Archive interview: David Shearing talks about Christmas With Us

In the lead up to Christmas 2016, East Street Arts teamed up with the creator of The Weather Cafe for Christmas With Us, a unique event revealing personal stories, highlighting the beauty and the difficulty of the Christmas season.

As part of the 14-piece Christmas art trail, Christmas With Us was a highlight.

In the confines of The Weather Cafe, visitors were invited to take a seat, enjoy a moment of reflection and share in an intimate conversation over a bowl of warm soup. The experience aimed to help people find stillness in the midst of the festive chaos and brought together beauty and the difficulty of the Christmas season. The installation brings together different members of the community: some showings include one-on-one conversations between the audience and Heydays members (West Yorkshire Playhouse).

Before it all kicked off we spoke to David Shearing:

East Street Arts: Tell us a bit about your project.

David Shearing: The project’s called Christmas With Us and it will be inside a box-like sculpture. The first thing has been choosing an environment suited for the project – a space that provides interest and intrigue, somewhere a little bit remote and spacious. We’ll be in the Atrium space of Central Square Leeds, which is a glass, shiny, new office block. Inside it will be a quite humble and unassuming plywood box with a window and a door, and inside that will be a table that the audience can go in and sit at.

Christmas With Us is about trying to reveal a current situation and finding out what the mood of the city is. We’ve been working with the Heyday group from West Yorkshire Playhouse and at some points they’ll animate it. You’ll come in and sit down, listen to the headphones, get served some soup and bread and have conversations.

The whole thing is about fostering a space of exchange and conversation. A moment of reflection and a moment out of day-to-day life. We’re really trying to get to the heart of what Christmas is. That is why it will be in such a small space – intimacy is key.

ESA: What will you be listening to in the headphones?

DS: Some of the stories come from members of Heydays of West Yorkshire Playhouse, but most of them are just from people we have spoken to in the market, a real range of people. We’ve been asked a lot whether we went into their homes to talk to them and people are surprised when they realise. But that’s good, that’s what we’re aiming for – that feel of home.

Christmas is complex for different people. People have different family situations. Some lose loved ones near or just after Christmas, and some know that it could be their last Christmas. These times of year become markers, it becomes really important that we must have Christmas together. Those are the type of stories you’ll hear.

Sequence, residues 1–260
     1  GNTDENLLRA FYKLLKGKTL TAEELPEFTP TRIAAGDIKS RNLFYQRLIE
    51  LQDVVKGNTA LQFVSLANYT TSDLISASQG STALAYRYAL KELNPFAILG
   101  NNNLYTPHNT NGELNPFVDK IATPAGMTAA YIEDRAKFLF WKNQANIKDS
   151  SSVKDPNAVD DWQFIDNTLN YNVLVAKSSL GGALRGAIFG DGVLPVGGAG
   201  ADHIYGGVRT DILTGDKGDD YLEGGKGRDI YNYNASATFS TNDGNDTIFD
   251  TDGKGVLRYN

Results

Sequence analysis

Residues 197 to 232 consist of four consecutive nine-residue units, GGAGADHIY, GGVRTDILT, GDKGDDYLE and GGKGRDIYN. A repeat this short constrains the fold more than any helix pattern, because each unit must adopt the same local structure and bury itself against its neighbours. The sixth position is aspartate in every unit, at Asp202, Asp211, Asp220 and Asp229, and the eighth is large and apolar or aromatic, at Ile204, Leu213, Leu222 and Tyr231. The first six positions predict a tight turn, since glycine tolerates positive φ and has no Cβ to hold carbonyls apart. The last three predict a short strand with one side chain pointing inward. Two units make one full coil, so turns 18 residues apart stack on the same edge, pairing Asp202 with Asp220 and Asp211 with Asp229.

ESA: What exactly will Christmas With Us look like?

DS: Something that challenges the whole Christmas aesthetic, but we still want magic and we still want warmth. It would be easy to try and cover it in snow but then we want it to be humble. It’s more about capturing the essence of Christmas and what it really means to people.

We’ll also start collecting some of the objects people have talked about, they’ve talked about a train set, and someone mentioned some boxing gloves they used to have. We’re looking at finding certain objects to be in the space, so it’s almost like a box of Leeds memories.

We’re really providing a space of reflection – a moment out. At this time of year I think it’s needed, to think about other people and to do this by listening to their stories and having conversations.

ESA: How has Christmas With Us come out of previous work?

DS: My work has come from a cross between performance and art installation; for me dialogue as a form of performance is really interesting. There’ll still be some aspects of technology, like immersive sound and projections of old cine film images. It’s going to be an animated space but less technology driven than in the past – this time it’s much more conversation driven.

In [The Weather Café] we tried to have conversations but there was too much happening to sustain it. Too much to do and too many distractions.

To see more of David Shearing’s work visit: 

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